Alternative Friction Wheel and Lid Spring

by Dennis Spinks

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Alternative Friction Wheel
I cut a short piece of inner tube of slightly smaller diameter than the drive spool, and roughed up the inside surface and the spool surface for gluing.  Then I applied a little contact glue, stretching the inner tube by using a pointed skewer and rolling it under the surface.  Even it out by going around twice and applying a little glue on the second turn.

Glue around each edge seals it well.  In each organ only just enough spring is required to engage the clutch, giving great torque, far more than is needed.

This modification has been working well on my Busker for 3 years, and my Senior for 2 years with no problems, so I have applied this to my John Smith Universal 26 as well.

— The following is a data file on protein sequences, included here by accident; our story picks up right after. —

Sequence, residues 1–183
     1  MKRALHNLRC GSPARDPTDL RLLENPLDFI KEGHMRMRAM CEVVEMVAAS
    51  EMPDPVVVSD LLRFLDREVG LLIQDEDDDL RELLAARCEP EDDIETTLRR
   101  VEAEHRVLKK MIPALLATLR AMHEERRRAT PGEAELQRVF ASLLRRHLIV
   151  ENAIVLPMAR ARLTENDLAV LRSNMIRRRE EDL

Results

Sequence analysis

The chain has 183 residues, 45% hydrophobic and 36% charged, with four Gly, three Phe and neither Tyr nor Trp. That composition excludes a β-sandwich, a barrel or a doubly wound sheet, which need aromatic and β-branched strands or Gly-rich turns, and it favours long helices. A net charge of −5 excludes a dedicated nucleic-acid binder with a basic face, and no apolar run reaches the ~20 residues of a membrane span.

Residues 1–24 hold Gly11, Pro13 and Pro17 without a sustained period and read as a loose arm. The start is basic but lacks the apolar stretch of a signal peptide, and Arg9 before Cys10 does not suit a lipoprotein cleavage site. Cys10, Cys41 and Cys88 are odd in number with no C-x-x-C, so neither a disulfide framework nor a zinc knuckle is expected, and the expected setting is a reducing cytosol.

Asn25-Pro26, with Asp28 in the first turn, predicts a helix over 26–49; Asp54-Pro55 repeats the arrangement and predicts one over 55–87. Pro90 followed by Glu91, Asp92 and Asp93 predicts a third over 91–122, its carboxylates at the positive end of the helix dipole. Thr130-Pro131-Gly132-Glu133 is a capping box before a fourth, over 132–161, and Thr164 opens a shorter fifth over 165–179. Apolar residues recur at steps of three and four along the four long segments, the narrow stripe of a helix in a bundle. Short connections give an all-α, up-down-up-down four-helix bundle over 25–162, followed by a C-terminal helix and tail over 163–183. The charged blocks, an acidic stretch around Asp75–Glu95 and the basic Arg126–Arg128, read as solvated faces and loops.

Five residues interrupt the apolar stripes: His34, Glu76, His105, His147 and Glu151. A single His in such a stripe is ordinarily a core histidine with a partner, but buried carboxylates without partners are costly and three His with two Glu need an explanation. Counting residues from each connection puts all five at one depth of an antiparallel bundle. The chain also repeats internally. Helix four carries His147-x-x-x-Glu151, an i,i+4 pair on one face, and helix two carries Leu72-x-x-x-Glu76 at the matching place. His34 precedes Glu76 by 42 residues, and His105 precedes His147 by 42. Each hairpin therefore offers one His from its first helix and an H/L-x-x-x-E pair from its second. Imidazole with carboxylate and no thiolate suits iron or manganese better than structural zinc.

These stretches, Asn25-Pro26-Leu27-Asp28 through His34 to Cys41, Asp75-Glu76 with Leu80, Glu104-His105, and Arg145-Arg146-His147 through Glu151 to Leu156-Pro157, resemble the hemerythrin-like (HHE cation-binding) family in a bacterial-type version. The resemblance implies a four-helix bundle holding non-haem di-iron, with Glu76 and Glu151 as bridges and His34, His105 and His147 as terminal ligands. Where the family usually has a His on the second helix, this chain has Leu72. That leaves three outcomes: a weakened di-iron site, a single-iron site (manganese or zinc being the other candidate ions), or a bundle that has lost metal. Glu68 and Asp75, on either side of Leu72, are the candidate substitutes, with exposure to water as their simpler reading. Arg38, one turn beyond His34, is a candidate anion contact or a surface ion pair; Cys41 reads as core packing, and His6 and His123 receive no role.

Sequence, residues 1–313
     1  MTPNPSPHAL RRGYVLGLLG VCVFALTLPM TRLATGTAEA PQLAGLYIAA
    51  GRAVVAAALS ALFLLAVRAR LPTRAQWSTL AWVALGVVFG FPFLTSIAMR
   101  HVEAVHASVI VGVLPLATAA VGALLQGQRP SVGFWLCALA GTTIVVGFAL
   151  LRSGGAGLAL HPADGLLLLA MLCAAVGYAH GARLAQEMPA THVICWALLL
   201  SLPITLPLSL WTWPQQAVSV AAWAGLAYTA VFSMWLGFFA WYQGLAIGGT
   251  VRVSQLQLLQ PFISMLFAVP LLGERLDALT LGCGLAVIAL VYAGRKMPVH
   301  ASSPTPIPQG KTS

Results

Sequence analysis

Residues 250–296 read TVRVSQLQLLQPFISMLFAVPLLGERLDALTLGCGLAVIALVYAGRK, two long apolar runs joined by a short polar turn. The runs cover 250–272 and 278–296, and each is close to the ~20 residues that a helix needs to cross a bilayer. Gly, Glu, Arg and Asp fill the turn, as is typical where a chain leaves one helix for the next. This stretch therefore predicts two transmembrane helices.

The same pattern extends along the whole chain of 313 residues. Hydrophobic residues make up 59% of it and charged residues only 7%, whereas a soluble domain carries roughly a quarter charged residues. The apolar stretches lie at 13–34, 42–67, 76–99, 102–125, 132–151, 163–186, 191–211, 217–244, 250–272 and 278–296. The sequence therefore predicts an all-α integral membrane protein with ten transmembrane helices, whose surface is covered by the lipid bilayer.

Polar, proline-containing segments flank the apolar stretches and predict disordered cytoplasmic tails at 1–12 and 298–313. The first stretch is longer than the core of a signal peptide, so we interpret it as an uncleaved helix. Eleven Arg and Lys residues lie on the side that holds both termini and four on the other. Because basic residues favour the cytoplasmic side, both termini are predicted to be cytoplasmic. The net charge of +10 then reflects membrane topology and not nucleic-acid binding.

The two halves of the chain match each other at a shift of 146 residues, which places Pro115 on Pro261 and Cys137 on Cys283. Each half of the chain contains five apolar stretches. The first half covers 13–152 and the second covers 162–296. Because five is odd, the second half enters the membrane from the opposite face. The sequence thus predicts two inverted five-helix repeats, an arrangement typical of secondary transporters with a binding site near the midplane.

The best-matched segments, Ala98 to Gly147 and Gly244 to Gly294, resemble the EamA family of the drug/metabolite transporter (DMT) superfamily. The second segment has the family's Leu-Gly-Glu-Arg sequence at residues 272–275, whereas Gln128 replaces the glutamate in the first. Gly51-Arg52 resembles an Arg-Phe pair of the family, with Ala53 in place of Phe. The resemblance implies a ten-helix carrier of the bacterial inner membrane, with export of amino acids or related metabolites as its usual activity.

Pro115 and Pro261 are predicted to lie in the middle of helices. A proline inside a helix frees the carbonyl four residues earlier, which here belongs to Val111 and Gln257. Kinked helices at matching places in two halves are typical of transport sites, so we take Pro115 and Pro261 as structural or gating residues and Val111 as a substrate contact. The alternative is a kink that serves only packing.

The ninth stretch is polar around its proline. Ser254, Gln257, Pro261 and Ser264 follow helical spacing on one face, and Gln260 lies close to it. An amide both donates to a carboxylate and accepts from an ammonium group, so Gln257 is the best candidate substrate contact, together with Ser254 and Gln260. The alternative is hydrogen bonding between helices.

It is possible to build up the drive spool tyre by adding 3 or 4 layers of inner tube, to speed up the drive.  After 8 years, mine still works well.

Photos also show drive tyre and con-rod made using number 6 aluminium knitting needles, secured into hardwood tops for the crankshaft.  These rods are strong so can be gently bent to form the necessary shape required in the front rod.

Roll guides also made from these grey knitting needles cut to size.  Be careful not to chip the smooth coating.  I cannot see any wear yet.

Lid Spring
These pictures show a small spring positioned between the lid stay and the pressure box, mounted on a short screw (not fully tightened) so that the spring can travel free as the hinge opens.  As the stay reaches its extended position, the spring makes it click into the fully open locked position.  The spring sits in a small slot, made with a small file.

Just touch the middle of the stay to close the lid.  I did this to stop the lid from dropping down when rewinding rolls.  No problem now.

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